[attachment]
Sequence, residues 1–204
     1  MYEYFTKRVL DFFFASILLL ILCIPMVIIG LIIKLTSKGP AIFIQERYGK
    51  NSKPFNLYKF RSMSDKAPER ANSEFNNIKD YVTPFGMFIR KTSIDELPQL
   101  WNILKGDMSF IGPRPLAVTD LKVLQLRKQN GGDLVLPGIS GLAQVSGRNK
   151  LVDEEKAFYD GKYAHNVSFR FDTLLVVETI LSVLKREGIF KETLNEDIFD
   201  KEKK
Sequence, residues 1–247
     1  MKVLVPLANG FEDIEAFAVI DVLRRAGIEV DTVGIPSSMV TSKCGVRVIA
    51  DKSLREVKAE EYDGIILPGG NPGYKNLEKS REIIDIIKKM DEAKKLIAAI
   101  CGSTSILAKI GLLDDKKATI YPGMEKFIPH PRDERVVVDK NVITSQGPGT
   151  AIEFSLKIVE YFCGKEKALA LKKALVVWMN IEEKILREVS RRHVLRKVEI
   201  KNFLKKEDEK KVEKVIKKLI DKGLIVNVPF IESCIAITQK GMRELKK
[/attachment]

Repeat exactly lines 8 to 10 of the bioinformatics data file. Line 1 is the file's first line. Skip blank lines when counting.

     1  MKVLVPLANG FEDIEAFAVI DVLRRAGIEV DTVGIPSSMV TSKCGVRVIA
    51  DKSLREVKAE EYDGIILPGG NPGYKNLEKS REIIDIIKKM DEAKKLIAAI
   101  CGSTSILAKI GLLDDKKATI YPGMEKFIPH PRDERVVVDK NVITSQGPGT